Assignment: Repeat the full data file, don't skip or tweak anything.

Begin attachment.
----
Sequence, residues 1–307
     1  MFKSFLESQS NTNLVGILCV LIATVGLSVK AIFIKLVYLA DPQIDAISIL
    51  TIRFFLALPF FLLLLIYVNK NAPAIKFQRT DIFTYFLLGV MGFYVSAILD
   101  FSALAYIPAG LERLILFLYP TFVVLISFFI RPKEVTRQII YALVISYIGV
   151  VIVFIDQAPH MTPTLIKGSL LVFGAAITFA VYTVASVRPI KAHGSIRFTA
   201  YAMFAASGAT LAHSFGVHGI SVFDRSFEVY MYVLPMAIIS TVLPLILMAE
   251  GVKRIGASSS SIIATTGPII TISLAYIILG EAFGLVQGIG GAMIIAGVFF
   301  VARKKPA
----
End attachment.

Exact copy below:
Sequence, residues 1–307
     1  MFKSFLESQS NTNLVGILCV LIATVGLSVK AIFIKLVYLA DPQIDAISIL
    51  TIRFFLALPF FLLLLIYVNK NAPAIKFQRT DIFTYFLLGV MGFYVSAILD
   101  FSALAYIPAG LERLILFLYP TFVVLISFFI RPKEVTRQII YALVISYIGV
   151  VIVFIDQAPH MTPTLIKGSL LVFGAAITFA VYTVASVRPI KAHGSIRFTA
   201  YAMFAASGAT LAHSFGVHGI SVFDRSFEVY MYVLPMAIIS TVLPLILMAE
   251  GVKRIGASSS SIIATTGPII TISLAYIILG EAFGLVQGIG GAMIIAGVFF
   301  VARKKPA